Ever wondered why everything hurts? Maybe you wake up with a sore back, the thought of your day gives you stomach cramps, and then your sprain your ankle out of nowhere? Well sometimes it’s not out of nowhere, and most times it has to do with stress…. Yes stresssssss.
“I see a lot of people every day for a whole variety, everything from common colds to very serious illnesses, and I’ve found that there’s just a very large underestimation of how much your mental health affects your physical health.” said Dr. Daniel Pio, a primary care provider in Los Angeles.
Dr. Pio went on to explain that many times any problems within the cardiovascular, pulmonary, or gastrointestinal systems have direct relation to a mental health problem.
He recommends keeping on top of three different areas in life to manage your mental and physical health, whether it be stemming from your work or personal life.
1. Get Active!
It may seem like a no brainer, but breaking a sweat through some cardio workout is a overly neglected outlet for anxiety and stress. Under extreme stress and pressure it can be typical to want to tune out by flopping on the couch and binge-watching television, and while rest is amazing for the body, too much of it only makes the problem worse. The body needs to release the anxiety and stress that it’s housing through physical activity.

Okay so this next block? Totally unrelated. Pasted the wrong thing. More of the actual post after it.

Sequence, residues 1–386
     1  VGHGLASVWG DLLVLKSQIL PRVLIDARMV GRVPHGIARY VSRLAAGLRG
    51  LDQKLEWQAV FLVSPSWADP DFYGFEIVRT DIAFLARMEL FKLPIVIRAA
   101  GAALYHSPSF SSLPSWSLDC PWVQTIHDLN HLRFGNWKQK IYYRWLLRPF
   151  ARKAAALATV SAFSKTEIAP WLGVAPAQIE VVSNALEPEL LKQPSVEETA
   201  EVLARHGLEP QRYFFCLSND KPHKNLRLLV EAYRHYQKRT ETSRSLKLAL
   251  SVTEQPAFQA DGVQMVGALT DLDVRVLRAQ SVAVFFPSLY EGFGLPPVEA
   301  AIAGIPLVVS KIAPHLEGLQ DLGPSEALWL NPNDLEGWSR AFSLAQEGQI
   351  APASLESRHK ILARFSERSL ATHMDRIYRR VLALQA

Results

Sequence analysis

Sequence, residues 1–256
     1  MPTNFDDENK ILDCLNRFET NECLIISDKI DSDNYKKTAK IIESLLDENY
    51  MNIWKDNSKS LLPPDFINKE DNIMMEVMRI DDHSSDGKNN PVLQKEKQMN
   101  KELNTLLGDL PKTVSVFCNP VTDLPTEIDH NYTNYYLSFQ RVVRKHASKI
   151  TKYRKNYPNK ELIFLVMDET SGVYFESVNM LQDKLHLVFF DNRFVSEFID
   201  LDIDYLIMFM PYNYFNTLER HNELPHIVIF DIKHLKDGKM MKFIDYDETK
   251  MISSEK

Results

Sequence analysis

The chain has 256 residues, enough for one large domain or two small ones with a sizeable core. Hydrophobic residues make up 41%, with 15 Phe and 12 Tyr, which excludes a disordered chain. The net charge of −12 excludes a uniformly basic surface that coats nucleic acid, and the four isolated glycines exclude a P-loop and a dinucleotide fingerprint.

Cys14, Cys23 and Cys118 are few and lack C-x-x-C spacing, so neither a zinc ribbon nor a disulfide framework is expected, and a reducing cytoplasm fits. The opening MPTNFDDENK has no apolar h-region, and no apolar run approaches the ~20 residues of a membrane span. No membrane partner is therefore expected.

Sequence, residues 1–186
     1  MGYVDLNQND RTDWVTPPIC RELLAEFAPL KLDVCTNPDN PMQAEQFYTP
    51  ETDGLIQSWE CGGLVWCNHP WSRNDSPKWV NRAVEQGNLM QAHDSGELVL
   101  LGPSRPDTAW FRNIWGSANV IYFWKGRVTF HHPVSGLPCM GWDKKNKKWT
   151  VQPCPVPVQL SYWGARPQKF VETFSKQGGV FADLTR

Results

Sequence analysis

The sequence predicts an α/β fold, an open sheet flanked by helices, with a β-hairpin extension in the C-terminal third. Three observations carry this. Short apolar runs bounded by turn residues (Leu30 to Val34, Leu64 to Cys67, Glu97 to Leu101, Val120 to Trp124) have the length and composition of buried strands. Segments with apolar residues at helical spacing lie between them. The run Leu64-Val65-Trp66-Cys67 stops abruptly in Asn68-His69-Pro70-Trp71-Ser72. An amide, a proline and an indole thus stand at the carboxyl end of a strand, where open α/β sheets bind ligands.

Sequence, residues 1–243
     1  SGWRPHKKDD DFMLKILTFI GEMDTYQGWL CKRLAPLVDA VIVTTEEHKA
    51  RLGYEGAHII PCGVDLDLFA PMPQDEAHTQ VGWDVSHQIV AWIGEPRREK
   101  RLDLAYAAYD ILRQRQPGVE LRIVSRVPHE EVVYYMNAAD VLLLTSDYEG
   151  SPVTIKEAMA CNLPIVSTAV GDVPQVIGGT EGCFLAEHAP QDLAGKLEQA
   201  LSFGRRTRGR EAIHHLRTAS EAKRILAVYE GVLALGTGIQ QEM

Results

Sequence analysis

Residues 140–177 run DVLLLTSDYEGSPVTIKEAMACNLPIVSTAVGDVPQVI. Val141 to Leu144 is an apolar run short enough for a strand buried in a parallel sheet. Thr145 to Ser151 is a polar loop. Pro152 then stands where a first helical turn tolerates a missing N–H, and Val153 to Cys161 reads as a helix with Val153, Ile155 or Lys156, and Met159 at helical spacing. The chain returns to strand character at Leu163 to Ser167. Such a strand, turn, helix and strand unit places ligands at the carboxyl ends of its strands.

The American Heart Association recommends these standards for a healthy heart and cardiovascular system.
- at least 30 minutes of moderate intensity aerobic exercise five days a week, or
- at least 25 minutes of high intensity aerobic exercise three days a week; and
- an additional moderate to high intensity muscle strengthening activity at least two days a week.
2. Lean on Your Social Circle
“It’s interesting that in a place as large as Los Angeles with such a huge population, people can still feel so isolated and lonely, and feel like that there’s no one there for them” said Dr. Pio.
For those who are categorized “workaholics” it’s easy to be surrounded by people regularly, but still feel completely alone. Building healthy relationships with others is about quality over quantity. You’ll need the quality relationships through the tough times.
Even in moments of high stress, it can be typical and tempting to retreat into a shell, though those times are when we need our social circle the most.
“I think you need those people from everything to act as your buddy, to share life with, to being that person to bounce off major life decisions, to having those people in your life who even when you mess up always have your back and are there for you.” said Dr. Pio
3. Check In to Your Spiritual Side
For many, having some kind of faith provides an optimistic outlook even when it might seem as though there’s nothing to be optimistic about. The lens you see the world through has direct relation to the amount of stress and anxiety you take in. If you lose your faith, or optimism in your ability to come out strong of whatever storm you’re going through, your spirit becomes weakened, and you lose the energy to take on the tasks of life.
“It’s not necessarily the religion itself perhaps, but it’s that aspect of coming together in a community and fulfillment that many people experience through prayer or meditation or a relationship with a higher power” said Dr. Pio.
Pio explains that it comes down to spreading your eggs across these physical, emotional and spiritual baskets.
“Coming back to paying into each aspect of your life that makes you a whole person can kind of keep you feeling like a whole person and avoid some of those feelings of stress and sickness and illness” he said.